Among the Commission’s 140 findings and 50 recommendations, it also addresses ways to transform New Zealand’s vehicle fleet.
Making up 18% of the country’s gross emissions, transport is the second highest source of emissions. Population and economic growth have also seen transport become the fastest growing source of emissions.
To increase the affordability and accessibility of electric vehicles (EVs), the Commission suggests introducing a “feebate” scheme, “through which importers would either pay a fee or receive a rebate, depending on the emissions intensity or fuel efficiency of the imported vehicle”.
It recommends the Government provides support for EV infrastructure projects to fill the gaps in the charging network that are commercially unviable for the private sector.
Nonetheless, the Commission recognises that even with the rapid uptake of EVs and low-emissions cars, “fossil-fuel vehicles” are likely to make up a significant share of New Zealand’s private vehicle fleet for some time.
“To help reduce emissions from these sources, the Commission recommends that imports of new and used fossil-fuel vehicles be required to meet rigorous emissions standards.
“New Zealand is one of a handful of developed countries without vehicle emissions standards, and risks becoming a dumping ground of high-emitting vehicles from other countries that are decarbonising their fleets.
“The Commission is also seeking feedback on whether further steps are needed, such as phasing out all fossil-fuel vehicle imports by a specified date.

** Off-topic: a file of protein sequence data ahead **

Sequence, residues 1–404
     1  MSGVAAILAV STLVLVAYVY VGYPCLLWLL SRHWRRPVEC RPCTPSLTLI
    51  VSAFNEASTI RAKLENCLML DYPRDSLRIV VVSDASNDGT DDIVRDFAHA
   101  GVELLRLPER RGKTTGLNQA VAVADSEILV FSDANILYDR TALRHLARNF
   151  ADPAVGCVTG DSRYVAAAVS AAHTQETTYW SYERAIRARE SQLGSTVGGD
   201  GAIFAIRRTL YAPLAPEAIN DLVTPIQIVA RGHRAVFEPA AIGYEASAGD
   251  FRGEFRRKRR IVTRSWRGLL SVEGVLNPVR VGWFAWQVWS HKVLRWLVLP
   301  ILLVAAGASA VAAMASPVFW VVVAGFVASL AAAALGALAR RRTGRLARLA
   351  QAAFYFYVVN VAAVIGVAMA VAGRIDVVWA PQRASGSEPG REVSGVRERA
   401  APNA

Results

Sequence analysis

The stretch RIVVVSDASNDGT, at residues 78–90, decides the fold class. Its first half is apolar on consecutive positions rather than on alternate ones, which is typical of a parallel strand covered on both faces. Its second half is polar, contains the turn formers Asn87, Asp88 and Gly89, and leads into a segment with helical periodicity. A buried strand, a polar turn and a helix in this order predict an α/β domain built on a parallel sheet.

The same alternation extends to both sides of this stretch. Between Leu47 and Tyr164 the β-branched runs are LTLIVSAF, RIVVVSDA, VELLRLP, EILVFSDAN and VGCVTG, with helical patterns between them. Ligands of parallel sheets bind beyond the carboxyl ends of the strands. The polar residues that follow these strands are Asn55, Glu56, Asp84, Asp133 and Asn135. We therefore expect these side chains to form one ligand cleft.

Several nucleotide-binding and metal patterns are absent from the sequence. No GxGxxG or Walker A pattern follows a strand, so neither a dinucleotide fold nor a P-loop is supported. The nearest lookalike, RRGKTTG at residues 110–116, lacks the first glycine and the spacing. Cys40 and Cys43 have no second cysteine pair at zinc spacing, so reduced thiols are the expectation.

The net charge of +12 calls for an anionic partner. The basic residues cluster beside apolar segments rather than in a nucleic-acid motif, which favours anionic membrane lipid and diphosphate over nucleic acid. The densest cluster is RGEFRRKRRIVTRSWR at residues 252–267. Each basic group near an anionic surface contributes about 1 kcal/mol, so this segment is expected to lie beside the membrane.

“For heavy vehicles, aviation and shipping, electrification is more challenging. Hydrogen vehicle technology is developing and could provide a useful alternative to EVs.
“Biofuels also have the potential to deliver significant emissions reductions for these modes. Yet, commercial, technology, and coordination barriers pose challenges to the large-scale production of biofuels.
“A higher emissions price in the NZ ETS would create a greater incentive to both develop and then switch to biofuels.”
Challenging but achievable
The chairman of the Commission, Murray Sherwin, concludes: “While the challenges of achieving a low-emissions economy are large, the scale of change involved in the transition is comparable to transitions that have occurred before in New Zealand, and within the scale of transitions faced in other developed countries.”
The Commission highlights the need for “broad and enduring political support” for the changes needed to transition to a low-carbon economy.
It recognises New Zealand has “lacked clear and stable climate-change policies,” which has “weakened incentives for change and undermined confidence in existing policies”.
“If firms and households are to invest in low-emissions technologies, they need confidence that their returns will not unnecessarily be put at risk. Stability and confidence about longer-term objectives and policy settings are critical to promoting the transition to low emissions.
“At the same time, governments will need to have policy flexibility in how they deliver on these longer-term objectives, especially as new technologies emerge that can lower emissions or remove them from the atmosphere.”
The Commission is seeking public feedback on its draft report. A final report will be presented to the Government in the second half of the year.